Chorizo Hash: Because I Have a Food Blog

Fingerling Potato and Chorizo Hash with Baked Eggs

Oh, look! I have a blog. It seems to be a food blog. I almost forgot about it. It’s been 12 days since I last posted. I’ve never gone quite that long between posts before. I’m a bit surprised at how little the lack of attention has bothered me this past (nearly) two weeks. There was a time when such a lapse would make me feel antsy. But I’m still eating and I’m still blogging and I’m still glad you’re here. So I made hash. A Fingerling Potato and Chorizo Hash with Baked Eggs. I’ve thrown in some moderately spicy elements like fresh poblano peppers and chipotle powder, but this isn’t too far off the classic hash you might order at your favorite diner.

Let’s see, what else do I need to say? It’s been so long since I’ve done this I almost forget how to blog. Oh yes. I need to get my keyword into the text two more times. Chorizo Hash. Chorizo Hash.

There I’m done. May I please be excused from the table? GREG

PS I know, I know mom. Cakes are done people are finished.

Fingerling Potato and Chorizo Hash with Baked Eggs

Fingerling Potato and Chorizo Hash with Baked Eggs 

Print This Recipe Total time Yield 4–6Published

It’s important that the skillet and hash be hot when the eggs are cracked into the wells for baking.

Fingerling Potato and Chorizo Hash with Baked Eggs


  • 1 pound fingerling potatoes
  • water (as needed)
  • kosher salt (as needed)
  • 12 ounce Mexican chorizo (casing removed and discarded)
  • vegetable oil (as needed)
  • ½ teaspoon paprika
  • ½ teaspoon chiptole chili powder
  • black pepper (as needed)
  • 1 poblano pepper (stemmed, halved, seeded and cut into ½‑inch dice)
  • 1 yellow onion (peeled and cut into ½‑inch dice)
  • 4 grilled piquillo peppers from a jar (chopped, you can substitute roasted red bell peppers)
  • olive oil (as needed)
  • 4–6 large eggs
  • 4 tablespoon grated cotija cheese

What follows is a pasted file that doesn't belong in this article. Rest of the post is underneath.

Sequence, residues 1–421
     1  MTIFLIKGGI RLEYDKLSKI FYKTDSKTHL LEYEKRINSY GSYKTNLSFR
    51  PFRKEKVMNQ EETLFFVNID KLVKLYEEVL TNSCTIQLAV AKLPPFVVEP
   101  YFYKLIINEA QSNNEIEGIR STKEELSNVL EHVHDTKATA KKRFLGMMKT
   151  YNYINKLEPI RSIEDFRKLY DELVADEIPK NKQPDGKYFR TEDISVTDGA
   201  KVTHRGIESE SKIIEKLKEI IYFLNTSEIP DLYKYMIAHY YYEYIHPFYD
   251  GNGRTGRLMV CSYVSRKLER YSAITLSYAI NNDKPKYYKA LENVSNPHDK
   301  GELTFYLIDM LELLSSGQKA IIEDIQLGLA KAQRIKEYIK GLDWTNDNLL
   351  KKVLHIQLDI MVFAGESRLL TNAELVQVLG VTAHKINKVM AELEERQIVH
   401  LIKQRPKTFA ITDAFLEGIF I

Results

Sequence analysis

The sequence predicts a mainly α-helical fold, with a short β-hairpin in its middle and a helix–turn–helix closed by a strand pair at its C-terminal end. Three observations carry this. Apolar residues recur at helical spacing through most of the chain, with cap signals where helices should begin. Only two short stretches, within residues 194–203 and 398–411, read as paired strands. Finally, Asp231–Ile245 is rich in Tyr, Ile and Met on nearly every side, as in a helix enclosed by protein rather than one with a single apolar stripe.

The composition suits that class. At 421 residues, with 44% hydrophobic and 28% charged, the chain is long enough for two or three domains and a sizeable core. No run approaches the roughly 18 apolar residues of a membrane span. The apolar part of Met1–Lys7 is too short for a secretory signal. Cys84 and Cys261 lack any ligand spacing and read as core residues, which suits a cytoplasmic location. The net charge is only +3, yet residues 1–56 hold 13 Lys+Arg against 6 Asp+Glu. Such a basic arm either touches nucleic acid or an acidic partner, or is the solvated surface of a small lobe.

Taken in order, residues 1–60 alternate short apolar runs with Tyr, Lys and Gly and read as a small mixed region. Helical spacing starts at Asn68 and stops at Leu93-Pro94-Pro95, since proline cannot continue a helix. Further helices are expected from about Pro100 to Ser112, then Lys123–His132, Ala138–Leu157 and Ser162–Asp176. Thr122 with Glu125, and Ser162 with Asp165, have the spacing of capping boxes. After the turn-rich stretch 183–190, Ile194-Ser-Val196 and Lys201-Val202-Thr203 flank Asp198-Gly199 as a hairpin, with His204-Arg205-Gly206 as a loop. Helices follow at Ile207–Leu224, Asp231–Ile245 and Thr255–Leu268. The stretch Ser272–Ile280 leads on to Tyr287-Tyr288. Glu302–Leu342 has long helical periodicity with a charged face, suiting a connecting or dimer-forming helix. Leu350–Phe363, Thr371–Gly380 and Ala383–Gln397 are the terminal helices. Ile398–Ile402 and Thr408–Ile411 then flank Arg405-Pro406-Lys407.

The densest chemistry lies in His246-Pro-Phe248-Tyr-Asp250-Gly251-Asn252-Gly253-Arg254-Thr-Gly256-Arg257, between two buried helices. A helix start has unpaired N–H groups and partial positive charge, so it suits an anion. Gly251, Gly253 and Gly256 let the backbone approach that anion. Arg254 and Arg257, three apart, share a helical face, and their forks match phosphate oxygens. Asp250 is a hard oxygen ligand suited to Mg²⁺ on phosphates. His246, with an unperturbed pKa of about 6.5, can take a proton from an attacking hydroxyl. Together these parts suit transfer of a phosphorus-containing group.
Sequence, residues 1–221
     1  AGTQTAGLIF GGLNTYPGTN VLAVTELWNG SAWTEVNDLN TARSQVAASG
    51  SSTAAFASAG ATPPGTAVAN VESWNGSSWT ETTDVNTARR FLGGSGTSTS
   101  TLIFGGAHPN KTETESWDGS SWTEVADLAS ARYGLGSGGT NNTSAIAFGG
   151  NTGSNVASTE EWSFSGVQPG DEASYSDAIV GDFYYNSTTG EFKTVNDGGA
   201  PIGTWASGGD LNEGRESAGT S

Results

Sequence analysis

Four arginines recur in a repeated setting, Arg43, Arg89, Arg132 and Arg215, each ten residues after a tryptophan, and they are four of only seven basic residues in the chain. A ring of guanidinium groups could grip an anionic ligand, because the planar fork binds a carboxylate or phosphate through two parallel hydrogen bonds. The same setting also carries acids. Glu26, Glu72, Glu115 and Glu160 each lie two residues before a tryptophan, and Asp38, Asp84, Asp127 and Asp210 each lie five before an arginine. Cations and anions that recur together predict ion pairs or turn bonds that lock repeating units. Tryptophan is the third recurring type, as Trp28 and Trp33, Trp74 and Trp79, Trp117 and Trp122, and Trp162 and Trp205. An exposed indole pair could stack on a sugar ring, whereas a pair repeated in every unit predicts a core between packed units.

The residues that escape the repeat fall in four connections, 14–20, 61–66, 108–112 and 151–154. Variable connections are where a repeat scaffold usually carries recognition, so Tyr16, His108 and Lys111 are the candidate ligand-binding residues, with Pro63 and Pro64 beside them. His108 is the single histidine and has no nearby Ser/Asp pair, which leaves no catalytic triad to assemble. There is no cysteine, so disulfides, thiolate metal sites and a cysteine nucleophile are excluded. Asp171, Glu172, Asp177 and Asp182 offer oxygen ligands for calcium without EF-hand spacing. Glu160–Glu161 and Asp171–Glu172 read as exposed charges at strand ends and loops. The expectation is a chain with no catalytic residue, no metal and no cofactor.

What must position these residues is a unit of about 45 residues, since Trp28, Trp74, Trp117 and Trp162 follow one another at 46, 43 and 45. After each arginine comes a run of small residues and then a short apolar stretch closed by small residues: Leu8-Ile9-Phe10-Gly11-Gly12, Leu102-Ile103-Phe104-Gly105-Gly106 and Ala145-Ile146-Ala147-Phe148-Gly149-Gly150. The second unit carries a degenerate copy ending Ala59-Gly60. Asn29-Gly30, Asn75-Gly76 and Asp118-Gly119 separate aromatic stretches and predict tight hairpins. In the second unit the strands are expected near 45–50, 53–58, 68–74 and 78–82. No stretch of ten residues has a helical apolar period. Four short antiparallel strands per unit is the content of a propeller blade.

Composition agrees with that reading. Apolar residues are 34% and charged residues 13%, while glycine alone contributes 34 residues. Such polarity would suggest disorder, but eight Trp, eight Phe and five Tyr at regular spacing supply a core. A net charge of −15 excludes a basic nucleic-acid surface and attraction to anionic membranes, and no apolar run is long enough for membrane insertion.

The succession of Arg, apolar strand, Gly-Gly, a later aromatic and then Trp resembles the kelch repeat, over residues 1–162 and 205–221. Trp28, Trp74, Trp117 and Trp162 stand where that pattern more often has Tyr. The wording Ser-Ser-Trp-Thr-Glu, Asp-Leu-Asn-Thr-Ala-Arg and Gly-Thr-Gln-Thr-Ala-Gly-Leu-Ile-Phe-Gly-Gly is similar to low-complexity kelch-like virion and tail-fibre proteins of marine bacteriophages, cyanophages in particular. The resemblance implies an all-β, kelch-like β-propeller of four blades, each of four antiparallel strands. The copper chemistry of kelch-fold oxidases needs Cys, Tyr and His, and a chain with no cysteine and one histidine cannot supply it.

• chopped fresh cilantro leaves (optional)
  • sour cream
  • salsa (optional)


Add the potatoes to a pot cover with water and season generously with salt. Bring to a boil then cover the pan until mostly cooked, about 7 minutes. Drain well and spread out on a baking sheet to cool.

Meanwhile, drizzle a little vegetable oil into a large skillet and cook the chorizo over medium heat until brown and rendered of all the fat, about 7 minutes. Use a slotted spoon to move the chorizo to a plate leaving as much of the fat as possible in the skillet. There should be about 2 tablespoons, if not add a bit of vegetable oil and set the skillet aside.

Cut the potatoes into ½‑inch thick rounds; set aside.

When ready to make the hash preheat the oven to 425 degrees F. 

Meanwhile, heat the fat left in the skillet from cooking the chorizo. Add the potatoes in as close to a single layer as possible. Stir in the paprika and chili powder and cook, tossing occasionally, until the potatoes are beginning to get browned, about 8 minutes. Season with salt and pepper. Add the poblano peppers and onion and cook until the peppers have softened, the onions begin to brown slightly, and the potatoes get crusty about 3 minutes. Return the chorizo to the pan and add the chopped grilled piquillo peppers; gently stir to combine.

Take the skillet off the heat and make 4–6 small evenly-spaced wells in the hash, exposing the bottom of the skillet, and pour a small bit of olive oil in each well. Break an egg into each well, sprinkle the eggs with salt and black pepper and scatter cotija cheese over the hash.

Transfer the skillet to the oven and bake until the eggs are cooked to your taste, about 5 minutes for firm whites and soft yolks. Serve immediately with optional accompaniments like fresh cilantro, sour cream and/or salsa.